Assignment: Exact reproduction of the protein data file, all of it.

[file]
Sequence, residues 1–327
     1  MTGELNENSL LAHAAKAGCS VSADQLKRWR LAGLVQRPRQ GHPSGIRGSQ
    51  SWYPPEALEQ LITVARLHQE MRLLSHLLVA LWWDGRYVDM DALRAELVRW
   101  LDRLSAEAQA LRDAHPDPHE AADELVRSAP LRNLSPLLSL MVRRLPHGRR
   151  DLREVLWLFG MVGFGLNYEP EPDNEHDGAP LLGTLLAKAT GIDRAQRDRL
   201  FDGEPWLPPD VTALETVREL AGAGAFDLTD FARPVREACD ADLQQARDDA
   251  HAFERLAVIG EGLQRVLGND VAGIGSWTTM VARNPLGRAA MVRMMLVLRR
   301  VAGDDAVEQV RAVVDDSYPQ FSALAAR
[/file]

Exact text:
Sequence, residues 1–327
     1  MTGELNENSL LAHAAKAGCS VSADQLKRWR LAGLVQRPRQ GHPSGIRGSQ
    51  SWYPPEALEQ LITVARLHQE MRLLSHLLVA LWWDGRYVDM DALRAELVRW
   101  LDRLSAEAQA LRDAHPDPHE AADELVRSAP LRNLSPLLSL MVRRLPHGRR
   151  DLREVLWLFG MVGFGLNYEP EPDNEHDGAP LLGTLLAKAT GIDRAQRDRL
   201  FDGEPWLPPD VTALETVREL AGAGAFDLTD FARPVREACD ADLQQARDDA
   251  HAFERLAVIG EGLQRVLGND VAGIGSWTTM VARNPLGRAA MVRMMLVLRR
   301  VAGDDAVEQV RAVVDDSYPQ FSALAAR